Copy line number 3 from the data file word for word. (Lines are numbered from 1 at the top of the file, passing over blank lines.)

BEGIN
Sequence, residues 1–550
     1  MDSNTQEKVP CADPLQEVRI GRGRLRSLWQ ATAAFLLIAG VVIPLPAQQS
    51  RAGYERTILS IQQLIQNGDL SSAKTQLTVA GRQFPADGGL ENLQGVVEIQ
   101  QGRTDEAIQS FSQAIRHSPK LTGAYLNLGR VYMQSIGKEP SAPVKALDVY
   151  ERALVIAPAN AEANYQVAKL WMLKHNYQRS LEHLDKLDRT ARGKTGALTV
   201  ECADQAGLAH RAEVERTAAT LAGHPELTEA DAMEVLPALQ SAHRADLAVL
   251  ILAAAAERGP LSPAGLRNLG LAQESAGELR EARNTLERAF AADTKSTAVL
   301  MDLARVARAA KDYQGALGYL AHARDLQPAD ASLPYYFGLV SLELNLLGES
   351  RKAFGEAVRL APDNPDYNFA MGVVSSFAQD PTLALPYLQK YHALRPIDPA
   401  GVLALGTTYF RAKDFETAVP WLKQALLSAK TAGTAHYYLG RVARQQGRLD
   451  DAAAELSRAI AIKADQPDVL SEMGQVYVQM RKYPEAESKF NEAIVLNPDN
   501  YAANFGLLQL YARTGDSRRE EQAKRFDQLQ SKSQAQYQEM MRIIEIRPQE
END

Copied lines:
    51  RAGYERTILS IQQLIQNGDL SSAKTQLTVA GRQFPADGGL ENLQGVVEIQ